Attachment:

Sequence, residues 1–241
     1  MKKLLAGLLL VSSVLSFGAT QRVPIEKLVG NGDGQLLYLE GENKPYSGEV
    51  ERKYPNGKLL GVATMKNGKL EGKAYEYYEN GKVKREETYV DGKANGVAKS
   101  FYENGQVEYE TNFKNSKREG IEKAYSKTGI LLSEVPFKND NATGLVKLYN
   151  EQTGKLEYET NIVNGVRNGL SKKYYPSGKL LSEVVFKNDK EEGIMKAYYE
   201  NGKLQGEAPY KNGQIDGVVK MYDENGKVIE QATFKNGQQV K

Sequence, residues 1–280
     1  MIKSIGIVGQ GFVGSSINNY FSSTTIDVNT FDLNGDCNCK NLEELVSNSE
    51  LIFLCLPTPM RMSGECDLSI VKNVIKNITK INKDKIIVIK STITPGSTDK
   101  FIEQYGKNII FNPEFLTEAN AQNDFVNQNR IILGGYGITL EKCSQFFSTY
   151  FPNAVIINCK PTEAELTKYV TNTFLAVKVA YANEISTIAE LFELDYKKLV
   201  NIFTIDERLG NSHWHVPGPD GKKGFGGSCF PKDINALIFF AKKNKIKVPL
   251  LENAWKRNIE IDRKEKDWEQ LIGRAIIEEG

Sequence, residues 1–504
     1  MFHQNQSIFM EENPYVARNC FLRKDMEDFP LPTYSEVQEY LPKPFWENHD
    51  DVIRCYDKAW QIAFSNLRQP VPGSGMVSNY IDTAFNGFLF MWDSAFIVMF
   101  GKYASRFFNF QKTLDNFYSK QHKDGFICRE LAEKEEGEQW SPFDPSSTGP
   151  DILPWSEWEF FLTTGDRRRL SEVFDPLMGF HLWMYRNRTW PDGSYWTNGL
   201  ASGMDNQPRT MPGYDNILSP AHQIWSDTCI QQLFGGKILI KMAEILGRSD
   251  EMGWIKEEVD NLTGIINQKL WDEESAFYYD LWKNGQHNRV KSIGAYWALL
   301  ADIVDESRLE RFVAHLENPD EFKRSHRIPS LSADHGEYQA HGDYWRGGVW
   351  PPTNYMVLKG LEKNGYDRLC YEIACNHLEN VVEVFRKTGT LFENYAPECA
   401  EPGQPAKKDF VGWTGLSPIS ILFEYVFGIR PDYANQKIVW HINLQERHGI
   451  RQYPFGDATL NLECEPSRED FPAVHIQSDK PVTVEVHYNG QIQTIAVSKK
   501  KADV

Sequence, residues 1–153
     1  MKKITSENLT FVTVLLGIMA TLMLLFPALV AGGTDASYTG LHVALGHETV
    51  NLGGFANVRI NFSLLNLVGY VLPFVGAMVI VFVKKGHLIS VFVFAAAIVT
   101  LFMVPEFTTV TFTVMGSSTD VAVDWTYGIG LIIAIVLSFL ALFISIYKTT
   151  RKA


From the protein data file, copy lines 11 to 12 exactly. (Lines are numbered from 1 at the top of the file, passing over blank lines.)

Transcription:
   151  FPNAVIINCK PTEAELTKYV TNTFLAVKVA YANEISTIAE LFELDYKKLV
   201  NIFTIDERLG NSHWHVPGPD GKKGFGGSCF PKDINALIFF AKKNKIKVPL